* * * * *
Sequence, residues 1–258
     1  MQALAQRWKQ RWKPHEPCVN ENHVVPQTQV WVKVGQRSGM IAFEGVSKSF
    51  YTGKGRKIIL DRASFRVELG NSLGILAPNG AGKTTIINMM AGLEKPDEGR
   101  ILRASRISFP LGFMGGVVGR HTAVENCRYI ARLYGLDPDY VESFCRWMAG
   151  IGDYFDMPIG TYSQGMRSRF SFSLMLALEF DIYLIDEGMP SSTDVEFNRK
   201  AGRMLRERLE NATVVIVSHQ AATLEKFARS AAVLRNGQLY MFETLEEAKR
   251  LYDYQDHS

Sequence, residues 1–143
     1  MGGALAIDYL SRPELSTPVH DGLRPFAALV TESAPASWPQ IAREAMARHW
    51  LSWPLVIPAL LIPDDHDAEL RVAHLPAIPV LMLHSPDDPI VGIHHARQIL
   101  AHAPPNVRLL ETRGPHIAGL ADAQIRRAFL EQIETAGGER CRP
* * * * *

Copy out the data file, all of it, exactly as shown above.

Sequence, residues 1–258
     1  MQALAQRWKQ RWKPHEPCVN ENHVVPQTQV WVKVGQRSGM IAFEGVSKSF
    51  YTGKGRKIIL DRASFRVELG NSLGILAPNG AGKTTIINMM AGLEKPDEGR
   101  ILRASRISFP LGFMGGVVGR HTAVENCRYI ARLYGLDPDY VESFCRWMAG
   151  IGDYFDMPIG TYSQGMRSRF SFSLMLALEF DIYLIDEGMP SSTDVEFNRK
   201  AGRMLRERLE NATVVIVSHQ AATLEKFARS AAVLRNGQLY MFETLEEAKR
   251  LYDYQDHS

Sequence, residues 1–143
     1  MGGALAIDYL SRPELSTPVH DGLRPFAALV TESAPASWPQ IAREAMARHW
    51  LSWPLVIPAL LIPDDHDAEL RVAHLPAIPV LMLHSPDDPI VGIHHARQIL
   101  AHAPPNVRLL ETRGPHIAGL ADAQIRRAFL EQIETAGGER CRP